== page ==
The “food” we eat is not real, and hardly fit for human (or any) consumption.
We Are What We Eat – and we are not “living” because of it.
What colour is the sky?
Seems like utter child’s play, right? Right?
The sky’ s blue, of course! You can certainly go out in broad daylight and confirm that, yes, the sky is, indeed, blue.
But, what colour is it at nighttime? What about at dawn or dusk? What colour is it on a cloudy day? What about those who look up in a big city on a smoggy day?
What about those who were born blind, or those born colour-blind? At night, there seems to be no “sky” at all.
At dawn and dusk, nearly every colour but blue is visible and in a gradient from dark to yellow as it progresses towards the Sun.
On cloudy days, the clouds prevent the sky from being directly observed; so, does the sky still behave on cloudy days like it does on sunny ones?
One would need to go above those clouds in order to find out. Frequent fliers should be able to answer this question.
Similarly, those in smoggy cities will need to be able to view their sky from above the layer of smog itself. Inability to see anything prevents blind people from answering this query via direct observation, so they must rely on intuition and logic. They may accept the sky’s colour as blue because that is what everyone around them says it is; but, it is more likely that the multitude are wrong than right – particularly when it comes to things that cannot so easily be directly observed.
Relying on consensus of the majority is illogical. Colour-blind people have a problem of their own; they can see the sky, but it may not appear blue to them. Again, relying on majority consensus here is illogical; how can we confirm if the daytime sky is truly blue?
How do we know that colour-blind people are not seeing things truer than we “normal” people are?
The multitude are often wrong, so what if the sky is not blue after all?
What even is the colour “blue,” anyway?
Incredibly, something as outwardly straight-forward as “what colour is the sky?” has quickly become a very complex query simply by asking questions no one else feels the need to ask anymore.
A former pastor from Michigan discovered the hard way that informing people of their rights under the law as jurors doesn’t sit well with the U.S. government when a judge sentenced him Friday to eight weekends in jail, six months of probation, and fines — all for passing out pamphlets discussing jury nullification.
Keith Wood contends passing out the information is well within his constitutional rights to inform potential and selected jurors that, enshrined in the Bill of Rights lies the potent ability to find a defendant not guilty if the law in question is unjust, flawed, or otherwise untenable — even if the accused indeed technically violated.
Jury nullification thus arguably acts as citizens’ access to checks and balances: When legislators craft worthless, harmful, inequitable, or just plain ‘bad’ laws, jurors can, in essence, refuse to enforce any punitive measures — refusing to find a person guilty of breaking a law that never should have been inked into the books.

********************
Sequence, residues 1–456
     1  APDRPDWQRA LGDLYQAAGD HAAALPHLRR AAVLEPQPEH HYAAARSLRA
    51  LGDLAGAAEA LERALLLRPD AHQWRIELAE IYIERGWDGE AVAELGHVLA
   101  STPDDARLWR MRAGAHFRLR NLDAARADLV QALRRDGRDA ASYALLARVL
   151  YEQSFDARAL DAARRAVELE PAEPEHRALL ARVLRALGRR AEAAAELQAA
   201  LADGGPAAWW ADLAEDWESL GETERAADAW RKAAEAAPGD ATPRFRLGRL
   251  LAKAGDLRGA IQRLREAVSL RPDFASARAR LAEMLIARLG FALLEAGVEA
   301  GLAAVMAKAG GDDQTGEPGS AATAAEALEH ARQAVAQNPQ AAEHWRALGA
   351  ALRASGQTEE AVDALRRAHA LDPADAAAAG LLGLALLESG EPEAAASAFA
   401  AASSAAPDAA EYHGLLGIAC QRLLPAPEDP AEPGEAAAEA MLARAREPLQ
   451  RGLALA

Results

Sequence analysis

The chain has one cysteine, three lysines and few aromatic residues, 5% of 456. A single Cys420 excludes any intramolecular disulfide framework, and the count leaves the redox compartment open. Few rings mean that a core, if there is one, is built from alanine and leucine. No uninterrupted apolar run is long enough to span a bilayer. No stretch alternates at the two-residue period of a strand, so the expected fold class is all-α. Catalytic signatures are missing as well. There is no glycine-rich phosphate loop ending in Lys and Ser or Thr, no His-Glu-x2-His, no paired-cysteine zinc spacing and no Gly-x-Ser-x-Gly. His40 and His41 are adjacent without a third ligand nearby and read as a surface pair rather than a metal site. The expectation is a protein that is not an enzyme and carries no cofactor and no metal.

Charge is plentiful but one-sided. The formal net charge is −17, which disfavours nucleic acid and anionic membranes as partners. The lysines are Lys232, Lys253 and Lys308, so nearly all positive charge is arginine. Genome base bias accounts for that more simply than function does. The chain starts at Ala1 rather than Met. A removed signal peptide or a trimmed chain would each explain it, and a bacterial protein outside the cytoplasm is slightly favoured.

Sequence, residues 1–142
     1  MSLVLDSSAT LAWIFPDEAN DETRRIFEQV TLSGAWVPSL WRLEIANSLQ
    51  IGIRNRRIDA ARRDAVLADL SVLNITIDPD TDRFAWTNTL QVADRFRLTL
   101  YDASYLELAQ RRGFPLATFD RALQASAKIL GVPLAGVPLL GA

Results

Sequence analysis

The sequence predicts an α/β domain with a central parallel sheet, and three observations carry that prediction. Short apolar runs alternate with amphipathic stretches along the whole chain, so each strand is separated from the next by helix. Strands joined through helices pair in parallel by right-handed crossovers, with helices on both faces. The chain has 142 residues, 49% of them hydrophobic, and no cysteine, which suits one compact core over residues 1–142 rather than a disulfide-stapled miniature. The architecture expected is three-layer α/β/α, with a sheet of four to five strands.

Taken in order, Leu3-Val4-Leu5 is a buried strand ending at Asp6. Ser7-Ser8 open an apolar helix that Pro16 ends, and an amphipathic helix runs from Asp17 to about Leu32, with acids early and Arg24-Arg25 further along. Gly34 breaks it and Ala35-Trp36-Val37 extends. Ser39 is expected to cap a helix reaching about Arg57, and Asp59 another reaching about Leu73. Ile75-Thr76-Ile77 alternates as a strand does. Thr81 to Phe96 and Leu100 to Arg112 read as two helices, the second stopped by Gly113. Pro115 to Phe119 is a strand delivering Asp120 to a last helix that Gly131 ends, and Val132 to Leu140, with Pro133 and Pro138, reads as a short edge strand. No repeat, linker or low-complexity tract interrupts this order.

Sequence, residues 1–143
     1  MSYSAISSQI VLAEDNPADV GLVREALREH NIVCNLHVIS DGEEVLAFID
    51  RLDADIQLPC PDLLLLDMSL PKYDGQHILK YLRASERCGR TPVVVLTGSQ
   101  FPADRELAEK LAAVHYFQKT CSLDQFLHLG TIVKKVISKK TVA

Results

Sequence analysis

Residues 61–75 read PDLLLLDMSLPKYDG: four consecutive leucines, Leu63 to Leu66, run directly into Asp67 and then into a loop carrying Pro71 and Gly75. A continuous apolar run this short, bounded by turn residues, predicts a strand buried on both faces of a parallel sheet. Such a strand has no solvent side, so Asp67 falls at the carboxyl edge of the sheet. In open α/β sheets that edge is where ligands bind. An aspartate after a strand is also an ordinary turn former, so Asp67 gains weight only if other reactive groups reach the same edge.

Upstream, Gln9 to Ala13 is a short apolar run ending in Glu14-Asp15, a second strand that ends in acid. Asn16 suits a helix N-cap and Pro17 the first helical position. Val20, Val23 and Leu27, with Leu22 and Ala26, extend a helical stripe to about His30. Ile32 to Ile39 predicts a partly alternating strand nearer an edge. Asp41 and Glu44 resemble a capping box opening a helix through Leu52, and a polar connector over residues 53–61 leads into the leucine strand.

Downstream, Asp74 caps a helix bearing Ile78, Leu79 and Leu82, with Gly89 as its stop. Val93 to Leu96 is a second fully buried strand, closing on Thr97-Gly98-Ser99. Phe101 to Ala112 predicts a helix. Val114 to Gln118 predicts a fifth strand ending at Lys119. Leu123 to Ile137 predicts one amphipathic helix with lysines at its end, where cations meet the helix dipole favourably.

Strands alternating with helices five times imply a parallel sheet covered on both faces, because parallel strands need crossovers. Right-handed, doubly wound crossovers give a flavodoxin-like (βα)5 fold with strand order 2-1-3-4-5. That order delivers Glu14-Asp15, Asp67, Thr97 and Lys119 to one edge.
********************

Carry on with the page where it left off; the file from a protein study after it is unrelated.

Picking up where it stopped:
This tool shines most prominently when used consistently to thwart oppressive policy. Illustrative of this principle is continued federal prohibition of cannabis and transformed public sentiment, as anti-marijuana propaganda falls apart at its politicized roots for the incarceration nightmare it created — among many others. Jurors faced with a choice in guilt of sending a nonviolent drug offender to prison might instead find the concept of incarcerating this petty ‘criminal’ who had done no harm to another unethical and ill-conceived — and choose instead a finding of not guilty to compensate for the unjust law.
Read *more* by clicking the link:
The ‘race for the cure’ is one of the greatest sociomedical cons ever pulled off by the pharmaceutical industry. Here’s how it works:
First, the drug companies take over the cancer non-profits by donating huge sums of money and getting their own executives on the boards of these organizations. From there, all decisions by the cancer non-profits are made to protect the interests of drug companies. Today, virtually all cancer non-profit groups are actually Big Pharma front groups that push cancer treatment, but never prevention (because actually preventing cancer would harm the profits of drug companies).
Next, these cancer front groups pull off a double-whammy con job by first convincing people that money is the only obstacle to finding a “cure” for cancer. Then they convince people to actually hand over money for the right to run around in circles so they can feel like they’re helping to find this so-called cure.
Checkout the rest of this story by clicking below.
You can also see more of Mike Adams comics there as well.
***and for the record, I don’t agree with all of his ideas or opinions.